The theory of Intelligent Design is a highly contentious topic (as if I even need to say it), inciting public rants by ivory-tower academics, book-length treatises, innumerable blog posts, and ongoing debate on social media. I’m never surprised by the vitriol nor the utter mis-characterization of ID on the part of ID skeptics. I do often wonder if any of them have ever read anything beyond Richard Dawkins, Barbara Forrest, and P.Z. Meyers. They’ve got all the pithy talking points down pat, anyway. It’s pretty clear that they haven’t read a scholarly treatment of ID from an actual proponent of the theory. That alone is a red-flag indicator of intellectual irresponsibility. But, it is what it is.
What does continue to surprise me is how so many non-religious ID skeptics go on about the business of informing the world how “unscientific” and “ridiculous” ID theory is, all the while oblivious to what they are demonstrating about themselves. More on that in a moment.
The theory of Intelligent Design simply says that certain features of the natural world are best explained by a designing intelligence, and that blind Neo-Darwinian processes are insufficient to account for things like the specified complexity of the genetic code. (For a look at a STUNNING new secular paper on this, see “The ‘Wow! Signal’ of the Terrestrial Genetic Code” which is summarized HERE.) ID theory does not require the denial of common descent, by the way. That’s a misconception I’ve written about before.
Now, why would the ID skeptic be so bothered by this inference to design? The standard answers I receive are variations of: “Intelligent design is very dangerous! It is a science-stopper! If it catches on, it will cripple the future of scientific technology! Civilization will digress to the Stone Age!”
Every one of those statements is, in a word, ludicrous. I don’t know of a single ID proponent (and I know quite a few) that would be in favor of curtailing any avenue of scientific research. In fact, all of the ID theorists I’ve interacted with (professors, research scientists, graduate students flying under the radar) want MUCH MORE research done in the field of evolutionary biology in particular. Why? Because as research advances, we are discovering that life is FAR more intricate and finely-tuned than we could have ever imagined. This is exactly what ID would predict–that life is not based upon unguided evolutionary trials and errors, but instead involves numerous overlapping and wonderfully synergistic levels of complexity.
If a feature of life is discovered that seems to imply intelligent design, the ID proponent would say, “Awesome, let’s continue exploring it!” NOT “Okay, the Designer did it, case closed; let’s move on to something different.” ID skeptics who say that ID takes the latter approach are egregiously mistaken. They are directly perpetuating misinformation whenever they make this “science-stopper” claim.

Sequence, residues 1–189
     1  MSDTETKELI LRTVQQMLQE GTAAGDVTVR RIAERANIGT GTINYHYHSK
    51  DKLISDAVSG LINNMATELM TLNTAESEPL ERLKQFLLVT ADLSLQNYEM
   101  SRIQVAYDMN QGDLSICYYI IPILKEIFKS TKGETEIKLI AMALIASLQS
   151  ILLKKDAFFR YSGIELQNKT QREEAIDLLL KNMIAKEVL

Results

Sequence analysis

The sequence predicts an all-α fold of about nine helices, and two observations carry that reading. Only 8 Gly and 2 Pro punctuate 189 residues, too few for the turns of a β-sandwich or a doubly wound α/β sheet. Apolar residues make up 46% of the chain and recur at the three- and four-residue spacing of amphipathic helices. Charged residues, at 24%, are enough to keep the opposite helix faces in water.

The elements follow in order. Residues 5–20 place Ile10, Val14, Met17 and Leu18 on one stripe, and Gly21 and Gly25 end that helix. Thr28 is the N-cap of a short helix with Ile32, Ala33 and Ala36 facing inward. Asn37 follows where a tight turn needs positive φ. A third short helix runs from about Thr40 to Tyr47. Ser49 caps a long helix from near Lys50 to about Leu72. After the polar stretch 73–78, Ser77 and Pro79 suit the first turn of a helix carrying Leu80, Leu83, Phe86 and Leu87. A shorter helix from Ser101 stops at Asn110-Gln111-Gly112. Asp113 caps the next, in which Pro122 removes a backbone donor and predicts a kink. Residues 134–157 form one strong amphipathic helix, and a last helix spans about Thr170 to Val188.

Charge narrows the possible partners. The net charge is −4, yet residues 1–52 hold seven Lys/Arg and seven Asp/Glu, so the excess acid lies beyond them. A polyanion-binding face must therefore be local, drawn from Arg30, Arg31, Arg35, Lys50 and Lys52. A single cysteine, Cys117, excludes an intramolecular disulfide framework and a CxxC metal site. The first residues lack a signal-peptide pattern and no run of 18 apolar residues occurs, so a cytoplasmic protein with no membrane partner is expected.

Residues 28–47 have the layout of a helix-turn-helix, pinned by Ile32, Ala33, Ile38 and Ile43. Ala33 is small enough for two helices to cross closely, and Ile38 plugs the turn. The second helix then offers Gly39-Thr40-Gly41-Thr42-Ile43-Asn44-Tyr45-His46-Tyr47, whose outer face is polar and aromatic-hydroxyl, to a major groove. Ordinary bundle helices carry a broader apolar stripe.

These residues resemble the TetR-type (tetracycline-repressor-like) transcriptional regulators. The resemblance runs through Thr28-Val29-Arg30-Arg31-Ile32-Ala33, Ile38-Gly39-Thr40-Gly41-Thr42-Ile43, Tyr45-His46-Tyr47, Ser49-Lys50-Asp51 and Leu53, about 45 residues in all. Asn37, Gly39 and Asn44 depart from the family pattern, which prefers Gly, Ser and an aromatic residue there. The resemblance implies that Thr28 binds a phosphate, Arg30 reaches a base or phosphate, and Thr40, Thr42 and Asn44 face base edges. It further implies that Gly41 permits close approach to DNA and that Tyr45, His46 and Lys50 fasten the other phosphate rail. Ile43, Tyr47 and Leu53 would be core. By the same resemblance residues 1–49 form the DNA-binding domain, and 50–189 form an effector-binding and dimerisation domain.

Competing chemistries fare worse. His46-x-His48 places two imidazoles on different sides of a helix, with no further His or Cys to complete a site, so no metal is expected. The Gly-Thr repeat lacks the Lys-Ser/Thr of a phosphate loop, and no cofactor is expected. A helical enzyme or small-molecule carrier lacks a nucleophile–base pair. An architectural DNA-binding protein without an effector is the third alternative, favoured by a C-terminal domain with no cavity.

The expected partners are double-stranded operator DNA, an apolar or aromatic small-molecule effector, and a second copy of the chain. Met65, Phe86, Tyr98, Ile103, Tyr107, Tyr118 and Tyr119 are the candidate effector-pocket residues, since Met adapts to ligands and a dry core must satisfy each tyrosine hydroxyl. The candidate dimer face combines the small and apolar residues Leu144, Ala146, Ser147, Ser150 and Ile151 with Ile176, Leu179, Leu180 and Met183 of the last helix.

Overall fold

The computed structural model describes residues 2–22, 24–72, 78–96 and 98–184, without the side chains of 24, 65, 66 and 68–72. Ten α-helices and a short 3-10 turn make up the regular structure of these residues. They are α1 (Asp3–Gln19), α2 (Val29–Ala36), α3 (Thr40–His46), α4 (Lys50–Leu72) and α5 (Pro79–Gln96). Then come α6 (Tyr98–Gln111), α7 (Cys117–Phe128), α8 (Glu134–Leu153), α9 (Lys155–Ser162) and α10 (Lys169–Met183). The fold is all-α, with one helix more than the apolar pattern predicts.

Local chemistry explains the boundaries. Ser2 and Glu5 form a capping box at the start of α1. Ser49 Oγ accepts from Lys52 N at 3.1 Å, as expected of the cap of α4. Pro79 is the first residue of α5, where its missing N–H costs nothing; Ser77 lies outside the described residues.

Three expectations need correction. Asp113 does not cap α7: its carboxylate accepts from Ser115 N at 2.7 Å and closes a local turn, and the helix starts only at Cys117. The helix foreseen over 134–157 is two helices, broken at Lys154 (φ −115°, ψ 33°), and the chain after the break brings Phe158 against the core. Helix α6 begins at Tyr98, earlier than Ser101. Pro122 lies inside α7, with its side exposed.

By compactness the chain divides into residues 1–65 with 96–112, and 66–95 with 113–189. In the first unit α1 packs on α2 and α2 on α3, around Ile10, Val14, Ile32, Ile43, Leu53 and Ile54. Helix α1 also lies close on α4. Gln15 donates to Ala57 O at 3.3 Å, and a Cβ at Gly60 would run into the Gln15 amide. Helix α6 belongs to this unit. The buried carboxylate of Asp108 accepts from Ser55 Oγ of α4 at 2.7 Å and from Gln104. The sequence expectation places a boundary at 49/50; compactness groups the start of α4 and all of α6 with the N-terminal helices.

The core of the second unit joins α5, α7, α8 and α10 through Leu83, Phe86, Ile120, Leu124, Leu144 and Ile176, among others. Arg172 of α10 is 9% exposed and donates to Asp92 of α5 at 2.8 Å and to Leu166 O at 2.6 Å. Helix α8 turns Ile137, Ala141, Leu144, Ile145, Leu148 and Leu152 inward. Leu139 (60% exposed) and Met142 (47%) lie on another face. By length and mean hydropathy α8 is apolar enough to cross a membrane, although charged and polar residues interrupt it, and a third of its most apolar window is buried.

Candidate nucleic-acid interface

Do they realize this? I believe at least some of them do, but they persist because they’re in denial about (or perhaps purposefully obscuring) what their genuine motivation is.
They despise the idea of a Designer. Such an entity would insinuate that human beings are not the result of cosmic accident and were intended and produced according to some sort of master plan. This, in turn, strongly implies that mankind may be morally accountable to a Maker.
I am convinced that this is why non-religious ID opponents are so very passionate, why many of them revel in name-calling and fallacious mud-slinging, and why many of these same folks write scathing criticisms of religious faith, Christianity in particular. For example, British scientist Richard Dawkins, perhaps the most well-known critic of ID, is also the author of The God Delusion, a book-length treatment of why belief in God is unjustified and even harmful to society. Eugenie Scott, a high-profile American that has been extremely outspoken against ID, happens to also be president of her local Humanist Association. Truly, their actions and associations speak for themselves.
After all, if they only thought the theory was wrong, they wouldn’t care nearly as much. I don’t believe extra-terrestrial life exists, but more power to the SETI project. If they want to search for aliens, I say so be it. If ID researchers see signs of intelligence in the features of life and would like to look for more, why isn’t the anti-ID crowd simply saying “so be it”? Why are so many dedicating their careers to snuffing out all traces of design-oriented thinking? It’s painfully obvious.
Whether they realize it or not, the anti-ID faction operates on textbook religious motivation, only it’s disguised as a noble crusade to protect science from the [alleged] insidious effects of ID theory.